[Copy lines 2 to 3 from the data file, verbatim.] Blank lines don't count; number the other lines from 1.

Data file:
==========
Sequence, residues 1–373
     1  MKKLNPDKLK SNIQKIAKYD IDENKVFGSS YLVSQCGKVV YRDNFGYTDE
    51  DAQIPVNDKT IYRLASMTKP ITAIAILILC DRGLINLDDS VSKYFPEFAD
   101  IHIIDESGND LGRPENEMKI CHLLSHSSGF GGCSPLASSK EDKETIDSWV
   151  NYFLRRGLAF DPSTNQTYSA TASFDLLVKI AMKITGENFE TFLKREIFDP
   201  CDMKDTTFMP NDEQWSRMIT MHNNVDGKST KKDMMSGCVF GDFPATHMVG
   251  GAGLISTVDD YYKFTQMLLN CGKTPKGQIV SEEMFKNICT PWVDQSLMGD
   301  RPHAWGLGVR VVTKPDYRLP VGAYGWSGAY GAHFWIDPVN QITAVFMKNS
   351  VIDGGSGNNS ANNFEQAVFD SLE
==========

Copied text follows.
     1  MKKLNPDKLK SNIQKIAKYD IDENKVFGSS YLVSQCGKVV YRDNFGYTDE
    51  DAQIPVNDKT IYRLASMTKP ITAIAILILC DRGLINLDDS VSKYFPEFAD